Sleep Guide for Grievers

Nicola Middlemiss

Nicola Middlemiss


What to do when you can’t sleep after the death of someone special.

Sleep deprivation is a common side-effect of grief. In the days, weeks and even months after a loved one dies, you may find yourself struggling to fall asleep or unable to sleep through the night.

Unfortunately, a lack of sleep isn’t just tiring – it can have a big impact on emotional wellbeing and it can make it harder for people to grieve in a healthy way.

Taking steps to improve your sleep will give you a better chance of getting through the grieving process without developing complicated grief.

To help, we’ve created this guide which covers a range of tips on improving sleep even when you’re stressed, anxious and grieving. It covers:

Tips on falling asleep when grieving
Why can’t I sleep after a loved one dies?
How long is it normal to not sleep after a loved one dies?
What are the effects of not getting enough sleep?

Tips on falling asleep when grieving

There’s no one-size-fits-all solution to getting better sleep. But, there are a few things you can try which can improve your chances of getting good rest.

  • Exercise during the day
  • Set a nightly bedtime goal
  • Read a book or write a journal
  • Have some non-caffeinated herbal tea
  • Meditate or try mindfulness exercises

It could also help to avoid certain things, such as:

  • Alcohol and caffeine in the afternoon and evening
  • Watching TV or using a phone or tablet before bed
  • Napping during the day.

Making sure you have a comfortable environment to sleep in can also help. Try:

  • Turning notifications off on your phone
  • Blocking out as much light as possible
  • Using earplugs or an eye mask
  • Having a well-ventilated room
  • Playing white noise or relaxing music
  • Exposing yourself to morning light once you wake up

If you don’t find your sleep improving, you may wish to seek help from friends and family, a support group, a licensed therapist or from your doctor.

Why can’t I sleep after a loved one dies?

The reasons vary. Often, people report that it’s easier to keep their mind preoccupied during the day, so they’re not solely focussed on their grief of the death of their loved one.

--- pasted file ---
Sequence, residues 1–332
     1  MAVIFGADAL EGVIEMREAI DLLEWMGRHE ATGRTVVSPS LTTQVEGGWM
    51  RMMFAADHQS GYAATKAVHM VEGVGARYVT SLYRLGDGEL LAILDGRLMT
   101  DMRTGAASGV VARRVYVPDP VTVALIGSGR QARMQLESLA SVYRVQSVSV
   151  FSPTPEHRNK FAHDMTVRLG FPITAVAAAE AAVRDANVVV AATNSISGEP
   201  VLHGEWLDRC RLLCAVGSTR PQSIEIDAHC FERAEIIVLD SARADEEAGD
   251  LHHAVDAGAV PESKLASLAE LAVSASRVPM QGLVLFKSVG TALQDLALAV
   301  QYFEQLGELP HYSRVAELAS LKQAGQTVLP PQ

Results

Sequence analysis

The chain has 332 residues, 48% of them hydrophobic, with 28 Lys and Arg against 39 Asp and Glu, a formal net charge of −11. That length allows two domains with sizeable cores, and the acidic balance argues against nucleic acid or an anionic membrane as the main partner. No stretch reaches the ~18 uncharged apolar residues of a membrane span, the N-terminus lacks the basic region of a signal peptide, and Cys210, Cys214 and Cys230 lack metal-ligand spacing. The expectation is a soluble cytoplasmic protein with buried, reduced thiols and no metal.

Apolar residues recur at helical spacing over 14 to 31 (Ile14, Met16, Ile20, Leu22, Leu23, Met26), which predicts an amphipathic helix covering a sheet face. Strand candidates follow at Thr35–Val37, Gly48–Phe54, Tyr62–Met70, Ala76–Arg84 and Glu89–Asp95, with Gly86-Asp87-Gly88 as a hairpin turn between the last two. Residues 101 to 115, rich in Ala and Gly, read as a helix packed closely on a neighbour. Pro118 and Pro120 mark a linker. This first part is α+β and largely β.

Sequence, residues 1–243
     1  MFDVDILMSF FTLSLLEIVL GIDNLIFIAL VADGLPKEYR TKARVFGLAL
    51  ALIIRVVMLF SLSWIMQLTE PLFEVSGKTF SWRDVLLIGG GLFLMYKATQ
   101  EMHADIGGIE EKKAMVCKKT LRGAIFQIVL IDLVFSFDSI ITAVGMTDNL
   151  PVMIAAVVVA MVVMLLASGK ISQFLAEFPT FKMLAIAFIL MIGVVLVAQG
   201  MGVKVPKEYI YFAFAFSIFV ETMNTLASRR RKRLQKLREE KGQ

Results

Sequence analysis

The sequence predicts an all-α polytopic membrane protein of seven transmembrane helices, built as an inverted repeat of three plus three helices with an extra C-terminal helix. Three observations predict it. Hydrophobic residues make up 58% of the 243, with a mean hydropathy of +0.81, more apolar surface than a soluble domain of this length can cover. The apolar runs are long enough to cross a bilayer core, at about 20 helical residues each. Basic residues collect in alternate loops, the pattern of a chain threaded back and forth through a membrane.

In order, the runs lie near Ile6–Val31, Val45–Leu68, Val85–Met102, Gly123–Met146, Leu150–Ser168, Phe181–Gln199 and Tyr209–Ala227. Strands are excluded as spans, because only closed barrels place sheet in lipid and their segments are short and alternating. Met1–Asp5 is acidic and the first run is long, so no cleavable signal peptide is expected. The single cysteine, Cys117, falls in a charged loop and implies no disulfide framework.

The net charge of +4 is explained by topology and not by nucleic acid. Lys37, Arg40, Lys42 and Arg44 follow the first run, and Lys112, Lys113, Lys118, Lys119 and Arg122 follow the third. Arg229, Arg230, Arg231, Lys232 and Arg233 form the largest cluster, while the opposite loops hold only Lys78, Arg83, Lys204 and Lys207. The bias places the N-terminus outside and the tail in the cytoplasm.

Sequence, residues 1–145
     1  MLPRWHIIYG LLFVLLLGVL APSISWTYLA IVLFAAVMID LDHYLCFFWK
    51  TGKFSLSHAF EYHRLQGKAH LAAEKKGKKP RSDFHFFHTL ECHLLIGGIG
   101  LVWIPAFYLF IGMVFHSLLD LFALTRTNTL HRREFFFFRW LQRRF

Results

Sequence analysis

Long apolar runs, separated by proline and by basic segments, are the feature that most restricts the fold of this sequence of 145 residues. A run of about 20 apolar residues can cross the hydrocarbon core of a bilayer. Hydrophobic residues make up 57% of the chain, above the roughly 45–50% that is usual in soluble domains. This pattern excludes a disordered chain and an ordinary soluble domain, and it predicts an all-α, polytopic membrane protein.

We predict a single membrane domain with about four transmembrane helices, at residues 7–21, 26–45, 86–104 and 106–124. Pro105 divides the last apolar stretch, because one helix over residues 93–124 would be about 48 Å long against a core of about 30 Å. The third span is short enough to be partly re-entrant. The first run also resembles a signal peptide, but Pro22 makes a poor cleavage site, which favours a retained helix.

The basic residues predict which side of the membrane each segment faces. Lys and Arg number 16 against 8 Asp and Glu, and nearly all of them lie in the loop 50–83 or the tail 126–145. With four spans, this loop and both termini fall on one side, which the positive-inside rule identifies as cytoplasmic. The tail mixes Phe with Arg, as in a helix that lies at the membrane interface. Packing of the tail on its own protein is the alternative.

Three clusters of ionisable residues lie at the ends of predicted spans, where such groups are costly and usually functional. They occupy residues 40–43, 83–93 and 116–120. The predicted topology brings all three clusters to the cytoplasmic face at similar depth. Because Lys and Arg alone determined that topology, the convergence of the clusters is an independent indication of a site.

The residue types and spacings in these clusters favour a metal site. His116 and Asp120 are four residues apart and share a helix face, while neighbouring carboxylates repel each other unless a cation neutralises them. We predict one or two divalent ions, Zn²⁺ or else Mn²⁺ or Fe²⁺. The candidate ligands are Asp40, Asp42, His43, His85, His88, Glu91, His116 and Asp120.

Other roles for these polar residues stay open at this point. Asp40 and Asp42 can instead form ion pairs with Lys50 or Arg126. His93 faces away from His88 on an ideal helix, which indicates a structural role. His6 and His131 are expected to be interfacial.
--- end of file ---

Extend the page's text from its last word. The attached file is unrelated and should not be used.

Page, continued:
However, at night, it’s much harder to find healthy distractions and people find their thoughts are largely focussed on the person who died, their loss, or the stress of post-death arrangements.

For people who lived with the person who died, it’s likely their bedtime routine is completely different. They may be going to sleep in a bed they used to share with the person who died and things might not ‘feel right’.

Once asleep, people report waking up after vivid dreams about their loved one. The shock or upset of experiencing this can then make it difficult to get back to sleep.

It’s important to recognise that changes in sleep are part of the grieving process. For many people, it’s just something they have to go through in order to heal.

However, if a lack of sleep is making it harder to process the death or making your day-to-day life more difficult, you may benefit from speaking to a doctor.

How long is it normal to not sleep after a loved one dies?

It’s different for everyone. Grief is complex and every situation is different. The amount of time one person takes may be completely different to another.

If you find that you are struggling to cope physically and psychologically after a loss of a loved one, there are many resources out there that can help, including:

Australian Centre for Grief and Bereavement
GriefLine Community and Family Services

You may also want to speak with your doctor or a trained professional about your loss.

What are the effects of not getting enough sleep?

A lack of sleep can make day-to-day life more difficult, negatively impact our emotions, and even cause people to develop complicated grief and other health conditions. Other knock-on effects of poor sleep include:

  • Frustration
  • Hostility
  • Depression
  • Anxiety
  • Diabetes
  • Heart conditions
  • Obesity
  • Weakened immunity
  • Becoming easily overwhelmed
  • Becoming more emotionally reactive
  • Reducing your ability to process grief
  • Development of complicated grief

Complicated grief is defined as grief that lasts more than six months, with symptoms of:

  • Recurrent and intrusive emotional pain
  • Persistent thoughts of the deceased
  • Avoidance of things that remind them of their loved one
  • Loneliness
  • Survivor’s guilt


Is sleeping/not sleeping a part of grief?

Both sleeping excessively and struggling to sleep are normal responses to grief. You may find that you lack the motivation to get out of bed because of how overwhelming everything seems, or that you can’t fall asleep because you’re stressed about what’s happening.

How do I deal with grief when sleeping?

When you sleep, your brain will process the major events that have happened to you – in this case, likely the passing of your loved one. This may mean that you experience more dreams than usual about them. For some, these dreams can bring closure. For others, they may be distressing.

Nevertheless, sleeping is vital for processing grief and bereavement, as your brain and body has time to recognise your loss and prepare to cope with the aftermath.

How long does grief last?

There is no set timetable for grieving, and the duration of grief varies from person to person. Usually, however, grief will last up to six months, though in some cases it will extend to four years or more.

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